Skip to main content

Motorola ATRIX 4G & DROID Bionic overheating in testing?

Concerns regarding the Motorola DROID Bionic and ATRIX 4G and their power management systems have leaked this week, with sources close to those testing the Android smartphones claiming that issues with Motorola’s choice of power management unit (PMU) have led to overheating, RF interference and other problems. Established HowardForums source kbman first reported that the Bionic was prone to “severe overheating even while at idle” and later clarified that it was Motorola’s choice of PMU rather than a generic chipset issue which was to blame.

“The problem has to do with the PMU and causes a variety of issues including severe overheating even while at idle, power fluctuations affecting RF performance and cold boot issues. These things were told to me by someone who is testing the devices. I have no hands on experience myself.”
More worrying, originally it was claimed that the flaw in the two smartphones – which are set to arrive as flagships on Verizon and AT&T in the coming months – was “unfixable.” However, a further source subsequently suggested that Motorola was in fact working on the PMU issue and that it would “be solved, shortly” based on information from their own internal sources.
“I asked if the PMU was a discreet component on the board like with the original Droid(actually a dual PMIC solution) which controls both the AP(Applications Processor) and BP(Baseband Processor), he said “Yes both”.
I responded that that was bad because it meant that this could be laid directly at the feet of Moto because they selected that component as opposed to it having been an integrated chipset problem. He said “Yup!”.”
Obviously the whole purpose of testing is intended to catch problems such as these, but the proof will be in the real-world performance of the two smartphones. We’ll be keeping an eye on further reports to see what’s happening.


Popular posts from this blog

Top 5 Women Who Impacted Technology in 2010

Katie Stanton, International Strategist for Twitter Katie Stanton has impressively long names of companies in her resume. They include the White House, Google Inc, and her latest addition is Twitter. Her remit is working on Twitter’s international strategy and her experience in social media will be a key asset to the company. Katie has a history of working in technology, and her knowledge of departmental laws will help Twitter work alongside government agencies, as she’ll be spearheading the free information approach, especially after the Wikileaks incident. Stanton has been a key player in the techsphere for some time, and this extends to her private life. Following the Haiti disaster she worked with a group of engineers to create a free texting service to help those in need and she is constantly in demand as an expert in both social media and government policy.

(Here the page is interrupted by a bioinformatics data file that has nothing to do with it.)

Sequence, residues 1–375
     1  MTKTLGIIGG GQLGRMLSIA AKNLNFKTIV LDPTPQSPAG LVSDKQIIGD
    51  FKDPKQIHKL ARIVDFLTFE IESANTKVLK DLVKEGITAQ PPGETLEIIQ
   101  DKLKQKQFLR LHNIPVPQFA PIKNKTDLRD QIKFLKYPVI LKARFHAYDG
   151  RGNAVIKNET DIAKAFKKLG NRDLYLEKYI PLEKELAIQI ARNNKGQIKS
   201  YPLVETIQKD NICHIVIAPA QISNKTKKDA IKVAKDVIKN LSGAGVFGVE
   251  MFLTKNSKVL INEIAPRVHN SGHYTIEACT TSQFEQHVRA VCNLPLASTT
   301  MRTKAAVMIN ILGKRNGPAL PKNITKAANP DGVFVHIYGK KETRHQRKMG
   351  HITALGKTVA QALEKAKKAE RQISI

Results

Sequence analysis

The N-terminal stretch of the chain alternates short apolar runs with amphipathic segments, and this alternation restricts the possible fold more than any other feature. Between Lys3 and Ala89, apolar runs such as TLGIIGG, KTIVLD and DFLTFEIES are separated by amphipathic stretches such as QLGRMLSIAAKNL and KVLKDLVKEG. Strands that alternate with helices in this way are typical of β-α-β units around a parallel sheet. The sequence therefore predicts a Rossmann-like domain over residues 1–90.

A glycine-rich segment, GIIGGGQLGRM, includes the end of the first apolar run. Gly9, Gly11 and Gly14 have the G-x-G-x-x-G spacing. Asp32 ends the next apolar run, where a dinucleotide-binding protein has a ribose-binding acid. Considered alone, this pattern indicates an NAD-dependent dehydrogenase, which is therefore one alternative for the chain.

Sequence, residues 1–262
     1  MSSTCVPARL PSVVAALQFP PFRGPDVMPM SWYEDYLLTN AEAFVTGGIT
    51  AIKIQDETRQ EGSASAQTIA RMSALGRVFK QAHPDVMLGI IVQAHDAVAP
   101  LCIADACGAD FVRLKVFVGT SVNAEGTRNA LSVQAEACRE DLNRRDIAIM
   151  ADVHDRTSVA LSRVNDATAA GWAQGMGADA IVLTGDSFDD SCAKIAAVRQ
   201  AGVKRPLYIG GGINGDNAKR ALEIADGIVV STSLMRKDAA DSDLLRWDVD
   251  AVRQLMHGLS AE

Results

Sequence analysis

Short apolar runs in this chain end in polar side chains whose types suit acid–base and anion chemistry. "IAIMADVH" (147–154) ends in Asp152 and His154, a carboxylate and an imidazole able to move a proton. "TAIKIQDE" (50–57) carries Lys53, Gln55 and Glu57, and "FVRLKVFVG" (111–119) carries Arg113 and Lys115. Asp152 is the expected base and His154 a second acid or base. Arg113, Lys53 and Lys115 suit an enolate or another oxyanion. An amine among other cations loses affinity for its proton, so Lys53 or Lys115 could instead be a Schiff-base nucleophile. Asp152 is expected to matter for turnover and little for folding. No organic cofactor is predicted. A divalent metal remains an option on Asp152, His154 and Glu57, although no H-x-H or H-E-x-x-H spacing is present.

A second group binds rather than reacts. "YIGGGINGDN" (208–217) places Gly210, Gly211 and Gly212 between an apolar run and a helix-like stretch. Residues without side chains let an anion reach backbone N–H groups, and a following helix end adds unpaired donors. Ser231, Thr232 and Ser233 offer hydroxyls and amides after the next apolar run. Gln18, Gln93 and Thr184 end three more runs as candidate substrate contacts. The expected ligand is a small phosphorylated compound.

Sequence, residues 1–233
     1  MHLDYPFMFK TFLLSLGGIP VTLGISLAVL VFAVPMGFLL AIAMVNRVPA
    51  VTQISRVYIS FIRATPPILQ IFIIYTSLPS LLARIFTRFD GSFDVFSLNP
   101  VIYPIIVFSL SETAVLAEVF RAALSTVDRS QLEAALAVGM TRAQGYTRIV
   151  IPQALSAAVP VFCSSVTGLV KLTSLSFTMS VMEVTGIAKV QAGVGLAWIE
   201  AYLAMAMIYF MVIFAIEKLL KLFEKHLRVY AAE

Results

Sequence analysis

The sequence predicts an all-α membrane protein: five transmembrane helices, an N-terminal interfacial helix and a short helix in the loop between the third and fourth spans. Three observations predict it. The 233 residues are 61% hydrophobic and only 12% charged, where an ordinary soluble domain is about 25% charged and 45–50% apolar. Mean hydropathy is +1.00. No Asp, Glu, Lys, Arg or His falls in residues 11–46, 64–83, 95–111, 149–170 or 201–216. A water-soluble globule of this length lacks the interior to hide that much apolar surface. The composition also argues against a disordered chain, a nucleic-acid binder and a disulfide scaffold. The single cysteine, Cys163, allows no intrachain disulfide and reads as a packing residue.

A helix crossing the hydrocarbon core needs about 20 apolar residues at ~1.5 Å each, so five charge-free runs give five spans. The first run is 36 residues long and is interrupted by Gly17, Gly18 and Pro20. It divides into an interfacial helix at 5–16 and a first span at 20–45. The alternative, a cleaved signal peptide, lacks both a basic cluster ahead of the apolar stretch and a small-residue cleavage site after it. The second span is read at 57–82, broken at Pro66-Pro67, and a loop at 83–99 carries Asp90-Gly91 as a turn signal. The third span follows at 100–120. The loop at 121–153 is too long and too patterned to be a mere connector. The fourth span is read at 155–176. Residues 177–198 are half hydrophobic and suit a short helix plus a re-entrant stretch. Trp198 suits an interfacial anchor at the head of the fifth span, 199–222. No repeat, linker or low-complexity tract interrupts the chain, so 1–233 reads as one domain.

Caterina Fake, Co-Founder of Flickr and Hunch Despite having a surname which sounds like a pseudonym for a spy (it’…

AT&T MiFi 2372 review

In the week or so that I have been testing the AT&T MiFi 2372 by Novatel Wireless, it has already saved no less than three lives. First, it saved my cable guy’s life. You see, Time Warner Cable provides the worst home Internet service I have ever experienced. I can’t even think of a close second. If providing terrible home Internet service was a sport, Time Warner Cable would be on its tenth consecutive undefeated season. Forget the fact that my upload speed is capped at 60Kbps and I’m lucky if I can get half that — it has been months since I’ve gone through a full day without at least one service interruption. Months. Unfortunately, Time Warner Cable has an exclusive contract with my building so I have no choice but to endure its abysmal service. Last week, as a Time Warner Cable technician entered my home for the sixth time in two months, I realized that this certainly would have spelled serious trouble had it not been for my trusty new back up device. Before the Mi…

Evolution Of Computer Virus [infographic]